The Heretical Two, who consider themselves political satirists
and nonviolent gadflies, are the first persons to be prosecuted in
Britain for Internet speech made on a Web server in another
country, says Ballard. They were charged under Britain's Public
Order Act of 1986 and are subjected to penalties enhanced by the
British Prevention of Terrorism Act of 2000.
Since that time, Britain has arrested another man, Frederick
Toben, an Australian, for speech denying "the Holocaust," based on
a German arrest warrant issued for Toben. Toben was taken into
custody October during a layover at Heathrow Airport.
"These two alarming cases are related in that both of them are
attempts by the British Crown to criminalize speech regardless of
where it takes place and whether it is legal in the place where it
was made," noted Bruce Leichty, a San Diego County attorney who was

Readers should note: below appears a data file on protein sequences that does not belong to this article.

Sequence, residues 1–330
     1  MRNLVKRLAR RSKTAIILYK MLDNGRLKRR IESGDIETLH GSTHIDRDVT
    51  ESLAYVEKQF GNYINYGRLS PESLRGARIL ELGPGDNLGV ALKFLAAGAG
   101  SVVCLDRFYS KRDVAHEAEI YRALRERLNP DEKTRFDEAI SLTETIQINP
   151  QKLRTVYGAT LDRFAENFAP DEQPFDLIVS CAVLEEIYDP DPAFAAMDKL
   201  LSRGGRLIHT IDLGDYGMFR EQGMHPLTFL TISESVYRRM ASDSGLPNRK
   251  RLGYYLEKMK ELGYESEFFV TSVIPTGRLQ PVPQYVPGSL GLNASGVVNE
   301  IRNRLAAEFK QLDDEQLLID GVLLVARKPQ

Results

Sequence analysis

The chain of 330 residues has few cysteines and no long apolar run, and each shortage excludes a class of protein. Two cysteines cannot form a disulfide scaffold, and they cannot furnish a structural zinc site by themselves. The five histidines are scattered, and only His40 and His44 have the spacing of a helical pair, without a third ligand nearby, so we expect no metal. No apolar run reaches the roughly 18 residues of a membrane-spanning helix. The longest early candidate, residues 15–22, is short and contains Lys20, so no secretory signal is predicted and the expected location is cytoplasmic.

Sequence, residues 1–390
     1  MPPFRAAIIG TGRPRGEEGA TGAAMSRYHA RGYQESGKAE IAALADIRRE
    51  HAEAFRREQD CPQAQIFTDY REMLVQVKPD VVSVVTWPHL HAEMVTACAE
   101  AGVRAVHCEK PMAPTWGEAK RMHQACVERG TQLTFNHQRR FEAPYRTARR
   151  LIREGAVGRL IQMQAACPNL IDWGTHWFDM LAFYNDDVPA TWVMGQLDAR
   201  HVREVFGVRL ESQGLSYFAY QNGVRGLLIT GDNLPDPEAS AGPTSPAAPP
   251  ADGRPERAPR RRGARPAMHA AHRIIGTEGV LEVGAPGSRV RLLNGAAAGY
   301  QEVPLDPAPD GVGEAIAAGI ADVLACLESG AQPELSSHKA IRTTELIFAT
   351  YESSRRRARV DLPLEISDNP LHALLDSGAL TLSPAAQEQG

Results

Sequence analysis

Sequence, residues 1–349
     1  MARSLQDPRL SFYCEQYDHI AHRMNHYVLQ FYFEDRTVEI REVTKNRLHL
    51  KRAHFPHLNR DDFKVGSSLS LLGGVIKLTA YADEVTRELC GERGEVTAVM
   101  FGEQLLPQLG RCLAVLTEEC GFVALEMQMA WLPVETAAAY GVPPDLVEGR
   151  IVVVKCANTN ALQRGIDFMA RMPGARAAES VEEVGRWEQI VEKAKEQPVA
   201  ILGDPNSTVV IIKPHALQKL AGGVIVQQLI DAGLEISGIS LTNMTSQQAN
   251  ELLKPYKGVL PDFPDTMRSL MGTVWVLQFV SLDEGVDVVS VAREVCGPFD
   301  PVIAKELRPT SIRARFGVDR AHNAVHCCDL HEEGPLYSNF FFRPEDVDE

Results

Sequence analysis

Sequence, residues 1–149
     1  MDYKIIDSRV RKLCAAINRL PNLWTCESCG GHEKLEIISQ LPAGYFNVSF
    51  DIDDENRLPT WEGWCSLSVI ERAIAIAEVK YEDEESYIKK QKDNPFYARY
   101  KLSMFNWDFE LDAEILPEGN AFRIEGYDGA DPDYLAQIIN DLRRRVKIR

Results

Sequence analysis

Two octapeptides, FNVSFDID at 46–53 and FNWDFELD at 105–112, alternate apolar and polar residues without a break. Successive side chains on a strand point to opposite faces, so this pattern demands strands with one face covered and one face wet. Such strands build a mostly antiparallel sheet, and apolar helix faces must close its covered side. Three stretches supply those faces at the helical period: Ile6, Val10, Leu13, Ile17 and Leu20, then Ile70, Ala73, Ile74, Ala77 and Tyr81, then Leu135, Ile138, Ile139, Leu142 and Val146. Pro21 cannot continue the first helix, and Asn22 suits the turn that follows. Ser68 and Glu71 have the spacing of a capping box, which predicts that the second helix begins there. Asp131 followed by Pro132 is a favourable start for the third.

retained in September to represent the Heretical Two.
The October 14 Los Angeles Immigration Court decision in the
Sheppard and Whittle cases leaves the two in need of the remedy of
habeas corpus (literally: we have the body), a process which
federal legislators in the U.S. have made more difficult and costly
for immigrants in recent years, according to Leichty.
Leichty said the actions of the U.S. government to date have
added insult to injury. "Here are two British individuals who
published speech that was legally protected in the United States,
for which they were criminally prosecuted in Britain," said
Leichty, "and now the case has taken an even more Kafkaesque turn
since the one country that should be protecting them from
imprisonment in Britain has instead thrown them into U.S. jail for